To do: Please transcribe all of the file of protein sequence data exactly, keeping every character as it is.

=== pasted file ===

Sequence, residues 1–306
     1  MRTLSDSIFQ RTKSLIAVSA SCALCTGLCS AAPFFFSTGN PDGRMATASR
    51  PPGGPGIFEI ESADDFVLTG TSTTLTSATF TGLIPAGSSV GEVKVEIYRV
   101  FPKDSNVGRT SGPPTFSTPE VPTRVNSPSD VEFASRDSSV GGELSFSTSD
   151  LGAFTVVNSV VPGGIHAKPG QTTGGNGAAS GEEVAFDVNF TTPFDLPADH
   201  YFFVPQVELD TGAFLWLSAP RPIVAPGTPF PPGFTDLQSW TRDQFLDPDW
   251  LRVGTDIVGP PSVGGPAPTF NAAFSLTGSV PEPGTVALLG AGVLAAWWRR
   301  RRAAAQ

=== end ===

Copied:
Sequence, residues 1–306
     1  MRTLSDSIFQ RTKSLIAVSA SCALCTGLCS AAPFFFSTGN PDGRMATASR
    51  PPGGPGIFEI ESADDFVLTG TSTTLTSATF TGLIPAGSSV GEVKVEIYRV
   101  FPKDSNVGRT SGPPTFSTPE VPTRVNSPSD VEFASRDSSV GGELSFSTSD
   151  LGAFTVVNSV VPGGIHAKPG QTTGGNGAAS GEEVAFDVNF TTPFDLPADH
   201  YFFVPQVELD TGAFLWLSAP RPIVAPGTPF PPGFTDLQSW TRDQFLDPDW
   251  LRVGTDIVGP PSVGGPAPTF NAAFSLTGSV PEPGTVALLG AGVLAAWWRR
   301  RRAAAQ